Highlights gov't support of business cooperation
A number of partnership agreements were signed between Microsoft Corp and Chinese tech companies during Chinese President Xi Jinping's ongoing visit to the U.S., highlighting the Chinese government's encouragement of business cooperation in the IT sector, experts said Thursday. [Special coverage]
According to statements published on Microsoft's Chinese website on Thursday, the U.S. tech giant signed three deals with several Chinese companies on Wednesday during the annual U.S.-China Internet Industry Forum at the Microsoft campus in Redmond, Washington, involving cooperation over the localization of its Windows 10 operating system, search engine and cloud computing.
Microsoft said it would work with State-owned China Electronics Technology Group Corp (CETC) to explore ways to configure, deploy and maintain localized Windows 10 for Chinese users in specialized fields in government institutions and State-owned infrastructure enterprises.
As part of the cooperation, relevant CETC subsidiary companies will become members of the Microsoft Partner Network and receive training and certification from Microsoft for the Windows deployment, support and best practices, the statement said. The deal marks a new development after Chinese authorities prohibited government agencies from procuring computers loaded with Windows 8 last year.
Zhang Yi, CEO of Guangzhou-based iiMedia Research Group, said on Thursday that such a tie-up with a State-backed company would definitely give Microsoft access to government clients in the future.
In another high-profile tie-up, Microsoft will team up with Chinese search engine Baidu Inc to make baidu.com the default search engine and the homepage for Chinese users using the Microsoft Edge browser in the Windows 10 operating system. Also under the agreement, the two will work together to make it easier for uers to upgrade to Windows 10.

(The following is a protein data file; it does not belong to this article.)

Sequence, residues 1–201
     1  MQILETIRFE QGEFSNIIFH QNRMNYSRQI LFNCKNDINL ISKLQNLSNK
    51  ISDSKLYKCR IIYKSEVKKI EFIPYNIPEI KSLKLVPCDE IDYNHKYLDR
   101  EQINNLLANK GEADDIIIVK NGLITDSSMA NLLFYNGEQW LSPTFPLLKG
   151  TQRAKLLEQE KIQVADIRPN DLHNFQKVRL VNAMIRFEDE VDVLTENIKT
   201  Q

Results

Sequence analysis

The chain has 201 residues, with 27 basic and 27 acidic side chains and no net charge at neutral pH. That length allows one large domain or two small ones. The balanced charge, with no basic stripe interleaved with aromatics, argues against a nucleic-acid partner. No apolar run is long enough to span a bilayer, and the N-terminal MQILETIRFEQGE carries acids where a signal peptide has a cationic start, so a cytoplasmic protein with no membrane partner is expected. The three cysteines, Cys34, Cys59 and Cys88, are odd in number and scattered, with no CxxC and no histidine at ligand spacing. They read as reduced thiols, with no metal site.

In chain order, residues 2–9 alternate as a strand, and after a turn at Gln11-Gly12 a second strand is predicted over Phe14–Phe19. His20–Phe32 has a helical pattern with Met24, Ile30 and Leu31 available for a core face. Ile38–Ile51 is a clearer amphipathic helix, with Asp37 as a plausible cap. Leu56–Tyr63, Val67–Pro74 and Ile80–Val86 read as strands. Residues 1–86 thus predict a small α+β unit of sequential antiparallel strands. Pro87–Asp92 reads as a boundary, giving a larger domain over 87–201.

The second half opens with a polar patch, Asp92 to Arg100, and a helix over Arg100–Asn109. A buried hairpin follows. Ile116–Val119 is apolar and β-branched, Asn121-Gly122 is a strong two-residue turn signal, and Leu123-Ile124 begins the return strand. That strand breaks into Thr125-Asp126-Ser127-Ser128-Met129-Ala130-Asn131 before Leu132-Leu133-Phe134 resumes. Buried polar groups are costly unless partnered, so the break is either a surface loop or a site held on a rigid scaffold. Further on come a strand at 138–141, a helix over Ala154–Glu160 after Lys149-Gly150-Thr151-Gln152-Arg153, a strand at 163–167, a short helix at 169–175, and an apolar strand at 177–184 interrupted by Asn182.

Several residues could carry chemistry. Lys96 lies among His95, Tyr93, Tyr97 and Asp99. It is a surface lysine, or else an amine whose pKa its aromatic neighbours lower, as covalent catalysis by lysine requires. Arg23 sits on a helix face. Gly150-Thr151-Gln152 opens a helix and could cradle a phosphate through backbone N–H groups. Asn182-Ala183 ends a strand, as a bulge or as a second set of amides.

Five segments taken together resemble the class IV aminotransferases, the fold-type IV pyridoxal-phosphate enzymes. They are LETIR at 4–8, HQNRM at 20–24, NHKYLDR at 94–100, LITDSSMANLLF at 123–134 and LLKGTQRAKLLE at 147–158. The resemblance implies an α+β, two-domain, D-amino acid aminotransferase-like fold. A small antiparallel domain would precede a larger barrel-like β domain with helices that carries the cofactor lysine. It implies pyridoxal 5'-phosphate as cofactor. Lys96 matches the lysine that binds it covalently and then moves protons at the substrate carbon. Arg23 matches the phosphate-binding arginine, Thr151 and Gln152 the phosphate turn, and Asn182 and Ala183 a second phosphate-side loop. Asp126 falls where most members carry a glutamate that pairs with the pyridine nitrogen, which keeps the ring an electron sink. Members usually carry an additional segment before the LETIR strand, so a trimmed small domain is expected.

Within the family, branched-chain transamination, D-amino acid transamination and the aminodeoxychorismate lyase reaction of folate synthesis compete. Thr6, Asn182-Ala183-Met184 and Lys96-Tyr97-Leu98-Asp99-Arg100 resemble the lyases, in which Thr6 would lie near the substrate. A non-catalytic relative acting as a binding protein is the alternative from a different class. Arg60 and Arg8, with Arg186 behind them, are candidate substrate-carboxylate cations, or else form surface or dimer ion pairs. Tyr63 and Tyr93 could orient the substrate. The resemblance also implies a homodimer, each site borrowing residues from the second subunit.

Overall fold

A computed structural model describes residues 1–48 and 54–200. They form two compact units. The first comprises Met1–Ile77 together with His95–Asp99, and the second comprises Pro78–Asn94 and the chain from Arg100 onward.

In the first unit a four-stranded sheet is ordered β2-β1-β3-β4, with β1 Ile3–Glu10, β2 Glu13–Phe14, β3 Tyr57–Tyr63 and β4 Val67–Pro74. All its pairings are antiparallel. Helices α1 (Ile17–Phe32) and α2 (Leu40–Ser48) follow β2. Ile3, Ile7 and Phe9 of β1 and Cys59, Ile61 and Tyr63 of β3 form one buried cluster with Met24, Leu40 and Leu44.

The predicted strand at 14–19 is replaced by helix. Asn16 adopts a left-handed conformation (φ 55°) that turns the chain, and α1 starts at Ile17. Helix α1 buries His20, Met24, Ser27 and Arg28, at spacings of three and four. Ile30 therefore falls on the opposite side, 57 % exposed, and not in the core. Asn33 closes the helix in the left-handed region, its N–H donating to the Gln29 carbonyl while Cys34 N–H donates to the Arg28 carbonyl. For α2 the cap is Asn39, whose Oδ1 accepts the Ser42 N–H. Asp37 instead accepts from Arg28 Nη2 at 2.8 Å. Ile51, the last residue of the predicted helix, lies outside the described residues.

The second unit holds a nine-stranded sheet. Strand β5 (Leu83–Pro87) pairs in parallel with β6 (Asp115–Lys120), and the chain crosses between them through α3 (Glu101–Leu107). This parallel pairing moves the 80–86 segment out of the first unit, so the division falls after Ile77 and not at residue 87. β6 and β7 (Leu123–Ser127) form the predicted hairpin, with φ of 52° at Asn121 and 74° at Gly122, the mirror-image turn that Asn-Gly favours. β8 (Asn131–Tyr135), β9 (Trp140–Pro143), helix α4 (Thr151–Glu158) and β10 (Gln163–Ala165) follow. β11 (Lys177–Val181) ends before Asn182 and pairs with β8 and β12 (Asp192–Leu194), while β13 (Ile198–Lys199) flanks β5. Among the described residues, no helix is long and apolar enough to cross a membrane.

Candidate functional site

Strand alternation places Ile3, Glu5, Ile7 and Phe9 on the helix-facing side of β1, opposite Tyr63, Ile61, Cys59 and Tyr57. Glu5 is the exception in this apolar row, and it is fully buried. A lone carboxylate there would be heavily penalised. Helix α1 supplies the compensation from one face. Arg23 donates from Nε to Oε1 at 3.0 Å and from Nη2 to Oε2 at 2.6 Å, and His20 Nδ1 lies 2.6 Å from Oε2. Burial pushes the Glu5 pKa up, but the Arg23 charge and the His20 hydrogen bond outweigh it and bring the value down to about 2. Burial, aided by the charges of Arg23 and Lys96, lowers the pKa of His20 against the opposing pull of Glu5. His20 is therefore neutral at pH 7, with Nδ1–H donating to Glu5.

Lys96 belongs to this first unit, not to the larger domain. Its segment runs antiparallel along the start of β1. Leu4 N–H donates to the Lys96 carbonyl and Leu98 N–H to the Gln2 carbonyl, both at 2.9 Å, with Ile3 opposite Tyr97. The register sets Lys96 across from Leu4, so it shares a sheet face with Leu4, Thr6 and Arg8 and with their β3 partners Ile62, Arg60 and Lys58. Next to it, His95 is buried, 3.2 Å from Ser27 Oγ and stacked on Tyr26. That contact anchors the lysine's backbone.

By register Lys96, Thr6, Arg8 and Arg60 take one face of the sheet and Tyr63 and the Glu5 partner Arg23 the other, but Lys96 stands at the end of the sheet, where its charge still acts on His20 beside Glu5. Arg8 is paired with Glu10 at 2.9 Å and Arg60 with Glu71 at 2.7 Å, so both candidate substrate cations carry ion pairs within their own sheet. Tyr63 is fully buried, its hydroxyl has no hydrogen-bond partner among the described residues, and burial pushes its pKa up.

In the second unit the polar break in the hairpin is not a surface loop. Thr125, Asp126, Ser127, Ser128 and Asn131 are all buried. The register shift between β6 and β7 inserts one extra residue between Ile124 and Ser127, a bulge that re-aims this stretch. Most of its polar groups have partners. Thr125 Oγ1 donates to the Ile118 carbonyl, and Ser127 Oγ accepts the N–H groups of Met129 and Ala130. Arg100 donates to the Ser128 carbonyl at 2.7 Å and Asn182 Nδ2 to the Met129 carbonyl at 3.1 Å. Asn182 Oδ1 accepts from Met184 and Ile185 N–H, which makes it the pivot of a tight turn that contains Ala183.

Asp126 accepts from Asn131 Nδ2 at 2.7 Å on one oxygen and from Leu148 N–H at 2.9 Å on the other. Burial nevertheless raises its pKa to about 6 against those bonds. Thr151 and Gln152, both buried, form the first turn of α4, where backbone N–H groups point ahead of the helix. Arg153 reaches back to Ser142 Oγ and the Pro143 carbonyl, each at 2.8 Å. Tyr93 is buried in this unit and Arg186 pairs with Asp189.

"It's a win-win deal. For Microsoft, it could facilitate downloads of Windows 10 in the world's leading Internet country," Zhang told the Global Times. "As for Baidu, being the default search engine in an operating system in the local market would give it more strength in the competition against Google if the latter gets back to the mainland market."
Also on Wednesday, Microsoft, Tsinghua Unigroup Ltd and 21Vianet Group Inc jointly announced that they would provide customized hybrid cloud solutions and services to Chinese customers, particularly State-owned enterprises.
In addition, Chinese phone producer Xiaomi announced on Tuesday that it would adopt Microsoft's Azure cloud computing program to support some services for its users.
"This set of deals may come as a surprise to many, but it appears to have been long prepared. Microsoft has faced up to the reality that in the Chinese Internet industry, local companies such as Baidu have not only developed market dominance, but are leading in technological innovation. Thus, a partnership strategy is the way to go in China's software industry," Klaus E. Meyer, professor witht the China Europe International Business School, told the Global Times on Thursday.